Saturday, September 24, 2016
Ernessa T. Carter
Amistad an Imprint of HarperColllins Publishers
Some folks sail through adolescence with grace. They may occasionally lose altitude, but eventually, they descend and make a gentle landing. Others come crashing to earth in a tangle and have to work their way up to true flight.
The awkward limbo of adolescence some teens experience comes to mind easily for people who survived it. It’s a period in life when we are not yet fully formed, discovering who we are and who we would like to be. We also find ourselves painfully aware of our appearance as our hormones and genetics drag us through the gates of physical maturity.
Davidia Jones knows this painful awkwardness intimately. Her home life is hell. Her school life is purgatory. In short, her existence is one of vast suffering. It seems that her brief story will end before it has begun. She lives in small town Mississippi with little prospect of getting out. Her mother seems to loathe her existence. When her schoolmates acknowledge her, they torment her with a vicious nickname, Monkey Night.
The situation seems pretty hopeless for Davidia until she discovers the now classic film, Sixteen Candles. She aspires to achieve her own Molly Ringwld ending. If she is patient and coordinates her opportunities, she’ll get the love of her peers and the most popular guy in the school.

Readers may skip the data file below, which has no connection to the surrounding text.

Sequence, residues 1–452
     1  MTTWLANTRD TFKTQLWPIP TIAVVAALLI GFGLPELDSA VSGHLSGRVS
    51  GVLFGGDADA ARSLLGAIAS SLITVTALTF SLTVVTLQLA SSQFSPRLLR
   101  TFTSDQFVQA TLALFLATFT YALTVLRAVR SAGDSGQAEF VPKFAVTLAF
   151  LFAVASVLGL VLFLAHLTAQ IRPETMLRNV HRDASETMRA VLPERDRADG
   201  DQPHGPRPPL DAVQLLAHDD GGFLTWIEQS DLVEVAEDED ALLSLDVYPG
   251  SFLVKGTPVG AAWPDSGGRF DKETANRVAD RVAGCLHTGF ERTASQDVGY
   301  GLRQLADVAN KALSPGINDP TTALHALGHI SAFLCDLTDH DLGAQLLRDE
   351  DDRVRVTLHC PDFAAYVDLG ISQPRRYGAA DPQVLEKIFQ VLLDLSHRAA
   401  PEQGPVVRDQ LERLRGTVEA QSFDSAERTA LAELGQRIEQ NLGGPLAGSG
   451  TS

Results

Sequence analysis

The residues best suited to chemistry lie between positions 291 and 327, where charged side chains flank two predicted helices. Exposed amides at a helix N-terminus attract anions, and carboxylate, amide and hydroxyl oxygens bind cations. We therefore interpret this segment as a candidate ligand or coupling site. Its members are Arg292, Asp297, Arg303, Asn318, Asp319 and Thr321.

Enter James Farrell, an Atlanta transplant, heir to the Farrell Cosmetics fortune, star football player and object of Davidia’s unrequited affections. She adores and obsesses over James who fails to notice her. His sisters on the other hand are fully aware of her and contribute to her suffering.
Shortly after their arrival, a cruel prank that almost destroys Davie, motivates her to shake the dust of Mississippi from her feet. She begins a new life in Los Angeles remaking herself as sultry lounge singer Davie Jones. She has confidence, friends and a laid back lifestyle that suits her.
Everything is just fine, until she runs into James Farrell as fine and fabulous as ever. He doesn’t recognize her from high school and he’s interested in getting to know Davie. As a matter of fact, when Davie tries to leave him and the craziness of her high school experience in the past, he insists. Unable and unwilling to resist, Davie and James embark on a love affair that seems destined for a happy ending, until the sleeping dogs of the past wake up barking.
Ernessa T. Carter tells a story about betrayal, coming of age and true love with edgy humor and intelligence. Davie is a warm, smart and funny character whose unexpected insights make what could easily become tragic in her life a comedic success story. The story parallels the style of cinematic storytelling and is written in first character; Davie pulls you into her experiences in much the same way that Matthew Broderick (Ferris Bueller’s Day Off) and other characters do in our favorite Brat Pack era films of the 80s--“breaking the wall” and engaging us in the unfolding events.
As you read, you hope that 32 candles aren’t too many for a happy ending.
The writer received an Advanced Reader’s Copy of this book for review.
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